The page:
Disclosures show more gift purchase payments from Reid’s campaign fund to granddaughter

WASHINGTON — A review of federal disclosures has turned up more payments from Sen. Harry Reid’s campaign fund to his granddaughter for purchasing gifts for supporters.

Reid, D-Nev., said Wednesday he would pay back his campaign for all expenditures made to Ryan Elisabeth Reid. She has been the target of harassing phone calls and “negative unwanted attention on the Internet,” he said.

“This has gone too far and it needs to stop now,” Reid said in a statement issued through his office. “I deeply regret any role I had in creating this situation but now, as a grandparent, I say enough is enough.”

Fresh disclosures on top of those made in recent days show Reid’s political organization paid his granddaughter $31,249 in 2012 and 2013 for gifts to be given to supporters and staff. Ryan Elisabeth Reid, 23, the daughter of former Clark County Commissioner Rory Reid, designs jewelry and is creative director of a New York theater company.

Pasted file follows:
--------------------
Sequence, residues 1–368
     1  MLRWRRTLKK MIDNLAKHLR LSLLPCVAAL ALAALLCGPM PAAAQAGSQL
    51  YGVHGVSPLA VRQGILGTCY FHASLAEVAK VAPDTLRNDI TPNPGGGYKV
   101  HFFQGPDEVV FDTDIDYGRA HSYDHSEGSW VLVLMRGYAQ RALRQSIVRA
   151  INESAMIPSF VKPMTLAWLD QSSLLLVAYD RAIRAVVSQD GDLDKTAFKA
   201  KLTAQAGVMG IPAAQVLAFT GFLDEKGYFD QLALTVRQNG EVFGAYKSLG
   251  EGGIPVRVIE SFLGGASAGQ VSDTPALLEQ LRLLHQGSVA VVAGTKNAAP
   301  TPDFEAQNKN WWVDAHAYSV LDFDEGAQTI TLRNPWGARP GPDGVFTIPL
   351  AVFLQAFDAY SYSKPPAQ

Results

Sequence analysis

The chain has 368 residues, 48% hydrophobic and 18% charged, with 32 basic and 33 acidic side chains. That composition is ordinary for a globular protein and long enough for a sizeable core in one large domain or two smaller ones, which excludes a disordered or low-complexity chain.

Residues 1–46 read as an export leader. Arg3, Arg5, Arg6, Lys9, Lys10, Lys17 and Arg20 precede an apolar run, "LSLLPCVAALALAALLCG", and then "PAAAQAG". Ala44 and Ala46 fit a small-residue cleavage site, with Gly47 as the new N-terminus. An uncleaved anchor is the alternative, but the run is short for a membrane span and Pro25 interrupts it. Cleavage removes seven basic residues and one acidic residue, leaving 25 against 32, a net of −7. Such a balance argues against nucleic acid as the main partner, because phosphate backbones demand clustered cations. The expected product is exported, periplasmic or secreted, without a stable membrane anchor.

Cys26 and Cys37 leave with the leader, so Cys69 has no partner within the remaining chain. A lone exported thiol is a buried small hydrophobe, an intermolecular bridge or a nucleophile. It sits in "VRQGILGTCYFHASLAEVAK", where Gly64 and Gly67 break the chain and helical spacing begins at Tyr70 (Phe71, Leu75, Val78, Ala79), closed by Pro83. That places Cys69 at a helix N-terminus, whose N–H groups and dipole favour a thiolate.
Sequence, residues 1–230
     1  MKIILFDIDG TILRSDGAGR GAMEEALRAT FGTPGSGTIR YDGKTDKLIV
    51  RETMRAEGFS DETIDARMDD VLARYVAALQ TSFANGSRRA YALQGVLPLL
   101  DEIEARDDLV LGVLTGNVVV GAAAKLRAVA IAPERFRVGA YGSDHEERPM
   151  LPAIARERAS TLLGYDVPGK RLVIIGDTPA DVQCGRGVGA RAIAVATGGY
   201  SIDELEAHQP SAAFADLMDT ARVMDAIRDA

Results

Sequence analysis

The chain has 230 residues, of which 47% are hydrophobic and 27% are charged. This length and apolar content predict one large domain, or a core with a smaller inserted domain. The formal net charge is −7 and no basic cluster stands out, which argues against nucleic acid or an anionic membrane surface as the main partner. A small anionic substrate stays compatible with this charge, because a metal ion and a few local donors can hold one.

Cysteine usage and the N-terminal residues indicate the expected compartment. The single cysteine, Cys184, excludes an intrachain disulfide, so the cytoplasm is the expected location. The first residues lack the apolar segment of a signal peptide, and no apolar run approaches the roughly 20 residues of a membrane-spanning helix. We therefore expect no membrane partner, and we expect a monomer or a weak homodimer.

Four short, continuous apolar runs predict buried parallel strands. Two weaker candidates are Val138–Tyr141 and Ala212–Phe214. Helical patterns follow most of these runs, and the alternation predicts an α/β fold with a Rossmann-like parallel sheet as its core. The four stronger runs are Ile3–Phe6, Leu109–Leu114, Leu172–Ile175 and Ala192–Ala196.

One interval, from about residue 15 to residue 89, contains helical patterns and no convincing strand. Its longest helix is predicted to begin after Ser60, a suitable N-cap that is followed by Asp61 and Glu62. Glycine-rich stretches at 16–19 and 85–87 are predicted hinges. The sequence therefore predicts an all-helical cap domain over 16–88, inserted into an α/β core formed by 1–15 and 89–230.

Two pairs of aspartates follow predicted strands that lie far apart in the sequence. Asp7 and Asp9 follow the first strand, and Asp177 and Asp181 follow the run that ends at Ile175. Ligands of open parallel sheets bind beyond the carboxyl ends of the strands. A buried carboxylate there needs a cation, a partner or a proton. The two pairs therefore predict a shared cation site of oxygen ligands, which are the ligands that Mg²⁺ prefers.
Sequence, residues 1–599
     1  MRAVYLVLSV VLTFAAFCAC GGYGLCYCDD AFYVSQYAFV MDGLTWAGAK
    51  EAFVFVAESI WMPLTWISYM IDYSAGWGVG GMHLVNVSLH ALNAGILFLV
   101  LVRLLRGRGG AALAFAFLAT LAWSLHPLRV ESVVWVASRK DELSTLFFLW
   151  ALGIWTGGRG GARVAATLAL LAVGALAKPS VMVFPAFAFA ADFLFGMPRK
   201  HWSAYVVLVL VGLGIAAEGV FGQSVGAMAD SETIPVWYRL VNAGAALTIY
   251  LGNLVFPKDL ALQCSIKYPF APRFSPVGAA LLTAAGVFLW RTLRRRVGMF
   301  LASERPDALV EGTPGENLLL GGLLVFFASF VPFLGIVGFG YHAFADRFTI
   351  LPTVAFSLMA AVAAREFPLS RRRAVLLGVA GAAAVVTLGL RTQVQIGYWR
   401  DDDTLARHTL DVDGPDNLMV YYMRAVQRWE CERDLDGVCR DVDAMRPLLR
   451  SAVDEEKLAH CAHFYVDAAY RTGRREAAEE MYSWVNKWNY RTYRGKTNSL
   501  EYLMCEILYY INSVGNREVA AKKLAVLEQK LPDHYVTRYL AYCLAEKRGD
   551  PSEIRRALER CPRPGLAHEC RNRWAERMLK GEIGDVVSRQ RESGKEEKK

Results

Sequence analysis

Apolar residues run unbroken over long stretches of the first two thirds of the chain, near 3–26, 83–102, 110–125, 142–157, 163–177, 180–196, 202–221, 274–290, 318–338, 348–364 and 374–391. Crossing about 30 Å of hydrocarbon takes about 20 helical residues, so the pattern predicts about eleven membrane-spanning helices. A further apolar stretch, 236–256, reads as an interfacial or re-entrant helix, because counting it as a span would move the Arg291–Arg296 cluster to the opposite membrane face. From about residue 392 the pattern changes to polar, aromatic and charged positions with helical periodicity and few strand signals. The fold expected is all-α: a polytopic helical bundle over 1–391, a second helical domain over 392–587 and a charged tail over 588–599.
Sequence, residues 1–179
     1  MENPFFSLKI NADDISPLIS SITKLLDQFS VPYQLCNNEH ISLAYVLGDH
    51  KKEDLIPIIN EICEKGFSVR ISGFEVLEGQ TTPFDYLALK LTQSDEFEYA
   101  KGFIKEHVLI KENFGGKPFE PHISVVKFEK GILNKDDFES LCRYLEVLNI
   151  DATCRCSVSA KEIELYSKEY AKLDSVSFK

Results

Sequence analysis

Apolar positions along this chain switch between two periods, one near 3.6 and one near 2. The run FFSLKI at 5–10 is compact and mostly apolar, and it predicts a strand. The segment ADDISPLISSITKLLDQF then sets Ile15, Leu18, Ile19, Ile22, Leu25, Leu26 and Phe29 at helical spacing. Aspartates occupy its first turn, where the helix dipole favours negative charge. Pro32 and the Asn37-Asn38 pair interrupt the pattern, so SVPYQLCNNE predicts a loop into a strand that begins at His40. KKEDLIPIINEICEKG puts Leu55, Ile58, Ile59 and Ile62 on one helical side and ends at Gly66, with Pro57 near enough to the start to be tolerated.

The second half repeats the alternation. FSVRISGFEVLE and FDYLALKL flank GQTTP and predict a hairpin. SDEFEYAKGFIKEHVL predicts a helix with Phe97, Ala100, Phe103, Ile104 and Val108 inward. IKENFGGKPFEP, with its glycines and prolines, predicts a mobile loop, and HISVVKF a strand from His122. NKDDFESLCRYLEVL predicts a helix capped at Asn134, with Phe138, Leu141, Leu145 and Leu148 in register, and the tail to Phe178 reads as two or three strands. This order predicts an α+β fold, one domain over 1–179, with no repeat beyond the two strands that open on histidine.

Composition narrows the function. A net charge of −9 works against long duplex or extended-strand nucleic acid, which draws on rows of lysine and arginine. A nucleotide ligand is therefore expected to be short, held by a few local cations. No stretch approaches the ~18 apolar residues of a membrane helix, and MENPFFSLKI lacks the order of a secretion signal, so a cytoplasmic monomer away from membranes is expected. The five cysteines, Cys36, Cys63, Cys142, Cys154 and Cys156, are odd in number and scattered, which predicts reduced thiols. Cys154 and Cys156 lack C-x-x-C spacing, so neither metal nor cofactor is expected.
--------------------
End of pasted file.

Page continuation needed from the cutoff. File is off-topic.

The issue came to light after the Federal Election Commission inquired last week about “holiday gift” expenditures on Reid’s 2013 year-end campaign report. The payments totaling $16,786 were listed as being made to “Ryan Elisabeth,” the name of a jewelry and gift line that was run by his granddaughter.

Republican Party operatives who dug into earlier campaign reports flagged another $14,481 in payments made during 2012. Those were independently confirmed.

Reid said the payments complied with federal law and Federal Election Commission rulings that campaign finance experts say allow the purchase of goods from relatives if they meet a fair market value test. But the potential appearance that Reid could be using funds from political donors to enrich a family member prompted a decision to reimburse the campaign.

Reid said his office was reviewing records to ensure the full amount is reimbursed.

“Landra (Reid’s wife) and I are extremely proud of our granddaughter, we love her very much and we regret any unwanted attention that these stories have brought to her,” Reid said.

Contact Stephens Washington Bureau chief Steve Tetreault at 202-783-1760 or STetreault@stephensmedia.com Follow @STetreaultDC on Twitter.